Monday, October 12, 2009

Supreme Court Tomorrow: Major Right to Counsel Case

The United States Supreme Court will hear oral arguments in two cases tomorrow morning. The first case, Padilla v. Kentucky, is perhaps the major criminal procedure case of the Term.

Under federal immigration law a defendant who is not an American citizen can be deported if he is convicted of a crime which is designated an "aggravated felony." Defendant Padilla is not an American citizen. He is a legal permanent resident of the United States.

Prior to pleading guilty Padilla was advised by his attorney that his guilty plea would not affect his immigration status. The attorney's advice was incorrect--the crime to which he pled is an aggravated felony--and Padilla faces deportation because of the conviction.

Padilla sought to withdraw his guilty plea, but the Supreme Court of Kentucky held that his constitutional right to counsel in a criminal case did not include the right to receive accurate advice from his attorney about the immigration consequences of his guilty plea.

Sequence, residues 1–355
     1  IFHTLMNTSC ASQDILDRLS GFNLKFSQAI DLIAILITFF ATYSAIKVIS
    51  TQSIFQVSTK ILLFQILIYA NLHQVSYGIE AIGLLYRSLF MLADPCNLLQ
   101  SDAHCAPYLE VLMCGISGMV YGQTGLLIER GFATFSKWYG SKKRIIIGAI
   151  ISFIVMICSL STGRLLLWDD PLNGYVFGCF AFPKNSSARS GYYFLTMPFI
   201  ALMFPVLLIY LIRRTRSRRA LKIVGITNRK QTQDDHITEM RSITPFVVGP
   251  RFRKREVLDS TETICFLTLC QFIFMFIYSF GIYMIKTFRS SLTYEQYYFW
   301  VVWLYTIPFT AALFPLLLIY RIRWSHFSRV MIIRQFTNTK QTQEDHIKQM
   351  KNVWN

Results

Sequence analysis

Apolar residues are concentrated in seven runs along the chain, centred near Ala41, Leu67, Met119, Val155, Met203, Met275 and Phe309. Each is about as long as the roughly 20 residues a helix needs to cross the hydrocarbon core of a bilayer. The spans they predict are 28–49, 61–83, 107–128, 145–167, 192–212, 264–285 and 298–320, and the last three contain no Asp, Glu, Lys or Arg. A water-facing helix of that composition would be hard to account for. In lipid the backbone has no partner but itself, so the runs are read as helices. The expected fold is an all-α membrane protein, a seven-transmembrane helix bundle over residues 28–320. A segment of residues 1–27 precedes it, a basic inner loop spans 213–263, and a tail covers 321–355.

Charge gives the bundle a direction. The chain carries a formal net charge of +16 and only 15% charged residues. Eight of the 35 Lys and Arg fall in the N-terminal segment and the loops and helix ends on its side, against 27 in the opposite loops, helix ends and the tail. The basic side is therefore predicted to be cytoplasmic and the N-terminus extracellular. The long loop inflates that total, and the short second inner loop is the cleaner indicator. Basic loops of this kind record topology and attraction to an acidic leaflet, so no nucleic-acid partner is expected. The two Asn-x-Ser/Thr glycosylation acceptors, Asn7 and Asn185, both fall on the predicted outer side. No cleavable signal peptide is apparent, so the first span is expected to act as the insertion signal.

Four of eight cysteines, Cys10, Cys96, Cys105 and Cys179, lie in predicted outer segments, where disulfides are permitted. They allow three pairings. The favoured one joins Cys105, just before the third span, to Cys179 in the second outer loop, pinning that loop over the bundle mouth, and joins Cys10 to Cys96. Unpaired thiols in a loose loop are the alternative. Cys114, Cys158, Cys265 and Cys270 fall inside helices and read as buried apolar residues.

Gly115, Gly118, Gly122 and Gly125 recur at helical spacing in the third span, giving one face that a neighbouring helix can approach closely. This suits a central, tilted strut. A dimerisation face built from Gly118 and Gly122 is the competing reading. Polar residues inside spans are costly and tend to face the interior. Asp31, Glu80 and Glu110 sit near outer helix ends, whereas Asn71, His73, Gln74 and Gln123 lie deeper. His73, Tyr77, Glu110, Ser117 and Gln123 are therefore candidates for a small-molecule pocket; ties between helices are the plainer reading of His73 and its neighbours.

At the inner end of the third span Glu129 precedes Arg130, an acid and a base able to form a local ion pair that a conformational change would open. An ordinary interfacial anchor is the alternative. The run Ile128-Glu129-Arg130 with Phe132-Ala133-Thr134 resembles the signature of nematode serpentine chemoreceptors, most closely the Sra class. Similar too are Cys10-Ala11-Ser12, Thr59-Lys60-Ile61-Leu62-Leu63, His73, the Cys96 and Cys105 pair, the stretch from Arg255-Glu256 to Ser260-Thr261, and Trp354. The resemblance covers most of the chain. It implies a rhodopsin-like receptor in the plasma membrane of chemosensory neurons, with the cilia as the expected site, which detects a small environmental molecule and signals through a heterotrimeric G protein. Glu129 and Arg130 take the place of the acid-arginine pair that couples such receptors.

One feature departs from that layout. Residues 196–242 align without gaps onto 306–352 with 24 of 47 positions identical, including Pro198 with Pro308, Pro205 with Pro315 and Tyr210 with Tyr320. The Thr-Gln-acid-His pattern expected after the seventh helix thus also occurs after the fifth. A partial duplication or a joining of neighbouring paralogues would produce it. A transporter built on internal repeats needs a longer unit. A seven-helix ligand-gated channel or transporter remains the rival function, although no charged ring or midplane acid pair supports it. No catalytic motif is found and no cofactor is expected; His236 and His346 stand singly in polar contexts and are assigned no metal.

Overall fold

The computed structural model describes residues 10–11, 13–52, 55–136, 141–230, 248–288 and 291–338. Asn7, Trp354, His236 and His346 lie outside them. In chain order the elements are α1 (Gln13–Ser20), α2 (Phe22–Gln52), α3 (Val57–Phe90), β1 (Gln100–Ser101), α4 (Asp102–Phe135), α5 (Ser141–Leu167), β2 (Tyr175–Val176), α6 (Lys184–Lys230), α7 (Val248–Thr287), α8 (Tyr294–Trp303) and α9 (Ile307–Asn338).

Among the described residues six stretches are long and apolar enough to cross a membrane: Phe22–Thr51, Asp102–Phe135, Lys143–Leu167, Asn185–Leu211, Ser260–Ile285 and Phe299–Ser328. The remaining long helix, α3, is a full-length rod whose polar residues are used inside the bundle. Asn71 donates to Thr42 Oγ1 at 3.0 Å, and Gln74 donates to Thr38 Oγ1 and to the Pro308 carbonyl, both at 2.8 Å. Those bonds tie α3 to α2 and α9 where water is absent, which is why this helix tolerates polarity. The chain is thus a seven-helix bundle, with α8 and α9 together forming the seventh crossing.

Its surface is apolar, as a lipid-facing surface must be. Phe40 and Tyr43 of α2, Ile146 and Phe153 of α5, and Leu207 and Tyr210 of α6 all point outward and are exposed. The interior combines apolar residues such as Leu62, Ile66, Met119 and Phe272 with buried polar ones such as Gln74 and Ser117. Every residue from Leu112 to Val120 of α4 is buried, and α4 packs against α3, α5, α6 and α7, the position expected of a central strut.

The United States Supreme Court will now review that determination. It is well settled that a defendant who states that he wishes to plead guilty must be informed of the consequences of that plea, such as the constitutional rights he is waiving and the sentence he can face if he pleads guilty. As the impact of federal immigration laws on criminal cases has become more apparent in recent years, there have been a growing number of cases across the country which address whether a defendant must also be informed--by his attorney or by the judge--of the immigration consequences of a plea of guilty. Padilla v. Kentucky should resolve the matter. Five amicus briefs on behalf of an assortment of organizations have been filed with the Supreme Court on behalf of Padilla. An amicus brief on behalf of 27 states supports the conclusion reached by the Supreme Court of Kentucky. New York did not join in that brief.

The second case tomorrow, Smith v. Spisak, addresses a procedural matter under the federal statute governing petitions for writs of habeas corpus.

No comments:

Post a Comment